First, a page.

Despite our best efforts to isolate the toxic elements of masculinity, we do a disservice to society by trying to label everything. Brandon Joseph, Men’s Resiliency specialist in Western’s Prevention and Wellness Services, emphasized the importance of context in this discussion.

“There’s so much nuance that needs to be understood when we describe something like toxic masculinity,” Joseph said. “It’s just deeper than saying, ‘Here’s toxic masculinity. If you suppress your emotions, that’s toxic.’ It could be, but it might not always be.”

Allijah Motika recently moved to Bellingham from Tallahassee, Florida, and immediately noticed the sports culture here. He spoke with some reservation, given he moved only six months ago, but he said the “bro culture” he associates with sports is notably absent in his early impression of Bellingham. 

“Even beyond it not existing, it feels frowned upon,” Motika said. “[It feels like] Bellingham wants to be so intellectually, emotionally progressive from a masculine standpoint, that bro culture is really crushed, even too much, that if you like sports it’s not OK.”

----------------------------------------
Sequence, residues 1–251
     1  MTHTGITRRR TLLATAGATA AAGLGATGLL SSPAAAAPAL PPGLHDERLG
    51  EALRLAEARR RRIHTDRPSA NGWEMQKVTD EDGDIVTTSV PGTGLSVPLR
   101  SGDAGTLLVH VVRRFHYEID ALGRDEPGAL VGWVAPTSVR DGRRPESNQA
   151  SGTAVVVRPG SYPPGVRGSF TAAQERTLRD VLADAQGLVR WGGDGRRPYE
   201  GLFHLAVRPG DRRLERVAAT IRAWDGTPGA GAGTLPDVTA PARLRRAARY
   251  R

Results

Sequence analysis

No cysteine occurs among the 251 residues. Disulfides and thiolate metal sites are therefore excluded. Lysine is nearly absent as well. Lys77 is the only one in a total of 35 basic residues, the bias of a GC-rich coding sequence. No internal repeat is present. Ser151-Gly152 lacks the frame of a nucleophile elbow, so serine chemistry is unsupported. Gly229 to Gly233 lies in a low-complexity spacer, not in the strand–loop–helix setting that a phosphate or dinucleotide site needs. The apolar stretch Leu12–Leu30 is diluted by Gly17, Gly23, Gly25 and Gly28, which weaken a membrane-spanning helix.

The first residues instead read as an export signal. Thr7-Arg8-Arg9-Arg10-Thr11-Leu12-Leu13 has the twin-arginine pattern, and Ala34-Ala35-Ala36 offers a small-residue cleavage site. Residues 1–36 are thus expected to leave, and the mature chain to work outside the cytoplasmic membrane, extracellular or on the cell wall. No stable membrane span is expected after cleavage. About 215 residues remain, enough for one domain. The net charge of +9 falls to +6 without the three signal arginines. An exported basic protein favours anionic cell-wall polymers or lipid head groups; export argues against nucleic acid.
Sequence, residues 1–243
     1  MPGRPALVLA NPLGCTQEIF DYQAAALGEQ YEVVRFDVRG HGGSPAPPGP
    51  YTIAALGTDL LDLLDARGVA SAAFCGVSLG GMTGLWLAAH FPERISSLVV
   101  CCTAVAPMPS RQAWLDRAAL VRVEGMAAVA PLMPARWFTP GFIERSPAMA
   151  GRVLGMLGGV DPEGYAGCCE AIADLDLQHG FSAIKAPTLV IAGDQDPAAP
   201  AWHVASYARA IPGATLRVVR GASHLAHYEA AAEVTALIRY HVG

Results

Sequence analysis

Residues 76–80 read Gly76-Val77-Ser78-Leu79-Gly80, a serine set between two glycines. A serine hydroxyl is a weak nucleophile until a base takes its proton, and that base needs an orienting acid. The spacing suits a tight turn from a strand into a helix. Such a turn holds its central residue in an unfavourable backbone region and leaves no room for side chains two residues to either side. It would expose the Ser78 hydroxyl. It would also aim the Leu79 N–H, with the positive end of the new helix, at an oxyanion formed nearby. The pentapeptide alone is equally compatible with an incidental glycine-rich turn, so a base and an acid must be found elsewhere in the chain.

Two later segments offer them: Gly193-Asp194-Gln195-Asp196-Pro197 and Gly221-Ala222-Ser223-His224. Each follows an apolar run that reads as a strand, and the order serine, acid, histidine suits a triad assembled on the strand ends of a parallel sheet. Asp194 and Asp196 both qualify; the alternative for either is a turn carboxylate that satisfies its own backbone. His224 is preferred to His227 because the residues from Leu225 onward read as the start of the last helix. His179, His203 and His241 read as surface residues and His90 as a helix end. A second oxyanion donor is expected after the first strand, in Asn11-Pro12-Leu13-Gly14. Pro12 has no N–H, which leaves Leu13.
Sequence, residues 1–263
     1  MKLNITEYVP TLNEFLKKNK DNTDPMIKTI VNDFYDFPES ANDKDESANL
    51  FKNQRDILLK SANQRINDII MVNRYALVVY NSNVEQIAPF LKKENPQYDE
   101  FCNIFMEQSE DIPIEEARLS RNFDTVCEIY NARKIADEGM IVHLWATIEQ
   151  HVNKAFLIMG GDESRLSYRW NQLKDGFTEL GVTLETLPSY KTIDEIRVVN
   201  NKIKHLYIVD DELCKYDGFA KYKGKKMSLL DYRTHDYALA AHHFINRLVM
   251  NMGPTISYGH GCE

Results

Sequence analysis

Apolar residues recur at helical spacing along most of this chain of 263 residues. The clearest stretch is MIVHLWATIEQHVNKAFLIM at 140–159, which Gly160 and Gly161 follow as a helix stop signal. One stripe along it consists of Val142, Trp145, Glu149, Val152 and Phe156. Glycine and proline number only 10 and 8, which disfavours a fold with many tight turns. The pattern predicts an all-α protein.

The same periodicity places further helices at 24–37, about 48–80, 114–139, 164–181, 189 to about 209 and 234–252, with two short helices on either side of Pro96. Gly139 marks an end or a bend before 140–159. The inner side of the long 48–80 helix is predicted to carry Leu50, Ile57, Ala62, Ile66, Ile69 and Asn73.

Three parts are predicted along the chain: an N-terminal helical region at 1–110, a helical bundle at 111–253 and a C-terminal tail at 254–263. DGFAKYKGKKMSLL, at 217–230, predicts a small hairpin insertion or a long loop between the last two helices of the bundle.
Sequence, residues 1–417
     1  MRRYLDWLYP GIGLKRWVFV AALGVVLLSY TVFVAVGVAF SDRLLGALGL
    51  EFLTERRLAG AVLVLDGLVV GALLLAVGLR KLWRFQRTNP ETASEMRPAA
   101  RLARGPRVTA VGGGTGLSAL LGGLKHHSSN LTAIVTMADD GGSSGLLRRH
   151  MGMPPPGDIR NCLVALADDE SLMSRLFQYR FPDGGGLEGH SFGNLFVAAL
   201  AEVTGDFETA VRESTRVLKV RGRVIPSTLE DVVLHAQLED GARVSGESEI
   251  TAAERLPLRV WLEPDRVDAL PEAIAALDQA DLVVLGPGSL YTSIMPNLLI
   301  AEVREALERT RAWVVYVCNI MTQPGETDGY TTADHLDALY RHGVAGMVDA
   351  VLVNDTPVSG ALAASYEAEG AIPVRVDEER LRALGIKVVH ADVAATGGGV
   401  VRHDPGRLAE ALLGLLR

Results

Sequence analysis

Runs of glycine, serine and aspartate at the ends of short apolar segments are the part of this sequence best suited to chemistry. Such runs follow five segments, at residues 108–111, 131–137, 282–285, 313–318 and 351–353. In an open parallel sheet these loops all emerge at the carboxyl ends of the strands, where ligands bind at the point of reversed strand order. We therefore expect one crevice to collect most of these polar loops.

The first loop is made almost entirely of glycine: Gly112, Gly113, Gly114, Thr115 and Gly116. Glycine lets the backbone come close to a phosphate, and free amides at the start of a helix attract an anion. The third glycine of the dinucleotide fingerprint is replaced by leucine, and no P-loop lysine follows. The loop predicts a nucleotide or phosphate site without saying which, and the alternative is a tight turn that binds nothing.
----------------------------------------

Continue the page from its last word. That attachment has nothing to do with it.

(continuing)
Joseph also enjoys watching sports, and has similar difficulty finding people to share his passion with. Could we consider that apprehension toward sports culture toxic, since it impedes the quality of their relationships? 

“We’ve come across this buzzword of toxic masculinity, but there’s no pinpoint definition of toxic masculinity,” Joseph said. “As humans, we want answers. We want to label things. But we’re all different people.”